A school improvement program that has helped some of Memphis’s most struggling schools will add 11 schools next year, under the first proposal from Shelby County Schools’ new chief academic officer.
At the same time, the district will begin weaning 13 schools that have improved off of the additional funding that the program provides.
And the district would begin screening all first-graders for giftedness in an effort to make enrollment in gifted programs more equitable.
The recommendations are the first from the district’s new chief academic officer, Antonio Burt, who was appointed in September after running the Innovation Zone school improvement initiative.
“We’re really focused on system-wide equity,” he told school board members Tuesday. “We can really switch the conversation from equity to really focusing on equity in action.”
In recent years, Memphis has become a model in Tennessee’s school turnaround efforts. But district officials believe Shelby County Schools has not effectively scaled those lessons up to impact more students more quickly. Burt said his plan will fill in those gaps.
Burt did not break down how much these initiatives would cost, but incoming interim superintendent Joris Ray said the proposals would anchor the district’s budget priorities for the 2019-20 school year.
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All first-grade students would be tested to see if they are eligible for CLUE, the district’s gifted education program.
Currently, teachers pick students to be tested for admittance into a program that promotes higher-level grade work for students from preschool to high school.
Burt said the way students are chosen has led to wide disparities in the racial makeup of the program. Though white students make up 7 percent of the district’s population, they make up 38 percent of the students in CLUE. Black students make up 77 percent of the district’s enrollment, but 45 percent of students in the program.
Nationally, black students are far less likely to be placed in gifted programs, even if they have the same test scores as their white peers, and especially if their teacher is white, according to a 2016 study at Vanderbilt University.
For the first time, all Memphis schools identified by the state as low performing will get additional money.
Eleven schools will be added to the district’s Innovation Zone, known for improving test scores.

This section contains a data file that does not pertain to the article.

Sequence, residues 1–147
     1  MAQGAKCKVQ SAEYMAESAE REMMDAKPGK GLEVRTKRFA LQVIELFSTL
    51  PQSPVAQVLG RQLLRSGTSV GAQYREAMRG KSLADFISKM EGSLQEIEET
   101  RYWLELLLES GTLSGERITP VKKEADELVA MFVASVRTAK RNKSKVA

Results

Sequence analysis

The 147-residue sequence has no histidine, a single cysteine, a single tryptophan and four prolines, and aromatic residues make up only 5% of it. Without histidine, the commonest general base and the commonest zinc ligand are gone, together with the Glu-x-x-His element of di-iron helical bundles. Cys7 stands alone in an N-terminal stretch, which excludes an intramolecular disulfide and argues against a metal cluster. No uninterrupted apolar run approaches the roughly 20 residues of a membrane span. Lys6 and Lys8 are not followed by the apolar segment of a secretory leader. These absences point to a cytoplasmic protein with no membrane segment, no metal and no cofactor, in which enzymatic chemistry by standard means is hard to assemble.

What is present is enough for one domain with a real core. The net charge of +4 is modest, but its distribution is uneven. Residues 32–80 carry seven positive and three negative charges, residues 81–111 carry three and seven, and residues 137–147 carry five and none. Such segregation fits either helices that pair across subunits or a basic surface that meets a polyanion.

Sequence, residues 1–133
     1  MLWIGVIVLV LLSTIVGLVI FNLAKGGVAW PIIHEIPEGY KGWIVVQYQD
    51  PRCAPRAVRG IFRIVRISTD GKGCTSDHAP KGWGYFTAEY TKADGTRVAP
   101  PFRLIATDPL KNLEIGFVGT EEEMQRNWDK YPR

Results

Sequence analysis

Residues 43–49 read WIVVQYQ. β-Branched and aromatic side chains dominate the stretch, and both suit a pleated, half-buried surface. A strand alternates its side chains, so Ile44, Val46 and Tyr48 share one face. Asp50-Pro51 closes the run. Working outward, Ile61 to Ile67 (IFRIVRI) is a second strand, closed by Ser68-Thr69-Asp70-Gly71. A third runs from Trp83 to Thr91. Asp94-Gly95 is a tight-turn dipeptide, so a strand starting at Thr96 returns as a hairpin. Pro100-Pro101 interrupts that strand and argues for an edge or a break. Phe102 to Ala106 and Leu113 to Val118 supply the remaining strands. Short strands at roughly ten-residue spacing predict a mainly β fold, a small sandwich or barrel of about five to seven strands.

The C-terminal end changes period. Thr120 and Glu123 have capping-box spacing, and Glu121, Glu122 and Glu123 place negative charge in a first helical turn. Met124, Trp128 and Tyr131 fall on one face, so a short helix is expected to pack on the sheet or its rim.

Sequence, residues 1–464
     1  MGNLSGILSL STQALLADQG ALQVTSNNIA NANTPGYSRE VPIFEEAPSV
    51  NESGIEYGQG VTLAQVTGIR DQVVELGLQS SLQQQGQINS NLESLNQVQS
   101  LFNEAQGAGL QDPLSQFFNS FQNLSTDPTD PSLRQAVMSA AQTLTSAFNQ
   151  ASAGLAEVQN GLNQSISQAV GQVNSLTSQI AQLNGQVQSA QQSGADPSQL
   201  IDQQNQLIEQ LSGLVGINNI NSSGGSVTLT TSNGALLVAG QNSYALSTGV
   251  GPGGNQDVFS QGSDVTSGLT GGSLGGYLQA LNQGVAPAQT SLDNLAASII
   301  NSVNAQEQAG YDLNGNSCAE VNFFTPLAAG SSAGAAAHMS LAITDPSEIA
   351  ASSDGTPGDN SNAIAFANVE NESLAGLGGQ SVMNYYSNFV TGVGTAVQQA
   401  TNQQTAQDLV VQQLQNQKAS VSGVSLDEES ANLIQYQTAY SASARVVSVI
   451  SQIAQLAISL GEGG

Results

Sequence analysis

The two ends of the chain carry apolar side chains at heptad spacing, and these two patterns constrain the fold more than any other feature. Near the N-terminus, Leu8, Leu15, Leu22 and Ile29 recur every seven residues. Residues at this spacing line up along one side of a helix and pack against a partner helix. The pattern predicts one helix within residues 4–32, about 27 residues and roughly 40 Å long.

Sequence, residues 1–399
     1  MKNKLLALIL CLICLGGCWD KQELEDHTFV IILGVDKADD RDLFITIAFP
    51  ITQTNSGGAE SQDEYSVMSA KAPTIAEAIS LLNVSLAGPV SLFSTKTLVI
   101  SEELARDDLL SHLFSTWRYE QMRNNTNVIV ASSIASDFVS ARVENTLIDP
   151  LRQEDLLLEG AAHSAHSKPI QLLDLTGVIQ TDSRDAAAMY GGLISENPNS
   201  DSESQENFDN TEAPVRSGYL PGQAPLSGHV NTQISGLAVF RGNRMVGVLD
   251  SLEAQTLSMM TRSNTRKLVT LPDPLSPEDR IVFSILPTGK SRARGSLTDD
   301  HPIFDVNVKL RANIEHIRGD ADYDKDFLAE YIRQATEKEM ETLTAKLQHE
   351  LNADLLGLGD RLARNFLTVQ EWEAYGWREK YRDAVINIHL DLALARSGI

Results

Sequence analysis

The iZone pumps about $600,000 per school for teacher bonuses, for more resources to combat the effects of poverty, and for principals to have more say over which teachers they hire.
Some of the schools Burt wants to add have been languishing on the state’s list since it was first created in 2012, but have not received substantial support.
As some schools are being added to the iZone, others have improved their performance, and are no longer eligible for additional state funding. Shelby County Schools, which has covered the reduction in funding, for the first time plans to gradually wean 13 schools off that extra support. Burt vowed to monitor those schools to make sure they don’t slip again.
Scroll down to the bottom of the story to see which schools will be affected.
Burt’s plan also would combine Hamilton Elementary and Hamilton Middle into a K-8 school next year, and separate Raleigh-Egypt Middle/High into two schools again after a charter operator moved out the neighborhood. The Hamilton school proposal is also part of outgoing Superintendent Dorsey Hopson’s recommendation to consolidate some schools.
Every student in nine high schools would get a hand-held device or laptop this fall, with a goal to expand to every school by the 2024-25 school year.
The district hasn’t decided whether it would be laptops, tablets, or some other device, but officials say students should have more access to technology.
“I think about children in the municipalities and across the nation… they have a device in their hand,” said Ray. “All their textbooks, they’re loaded to one device. So we need to in Shelby County Schools increase technology and give our students the opportunity to compete worldwide.”
But board members cautioned the district should have a robust learning plan for those devices.
“It’s more than just putting a device in hand,” said board member Miska Clay Bibbs.
Every high school will have two Advanced Placement courses for college credit by school year 2020-21.
Students from poor families are more likely to attend a high school with fewer advanced courses, according to a 2018 district report. Burt wants to change that.
The plan calls for more teachers in every high school to be trained to lead an honors, Advanced Placement, or pre-Advanced Placement class.
Below are the schools that would be added to and removed from the iZone. Read the district’s full presentation below.
The schools that would be added to the iZone are:
- LaRose Elementary
- Dunbar Elementary
- Getwell Elementary
- Hawkins Mill Elementary
- Woodstock Middle
- Georgian Hills Middle
- Craigmont Middle
- Wooddale High
- Sheffield High
- Oakhaven High
- Manassas High
These schools would be cycled out of the iZone:
- Cherokee Elementary
- Treadwell Elementary
- Lucie E. Campbell Elementary
- Ford Road Elementary
- Westhaven Elementary
- Douglass K-8
- Chickasaw Middle
- Treadwell Middle
- Sherwood Middle
- Hamilton Middle
- Douglass High
- Mitchell High
- Melrose High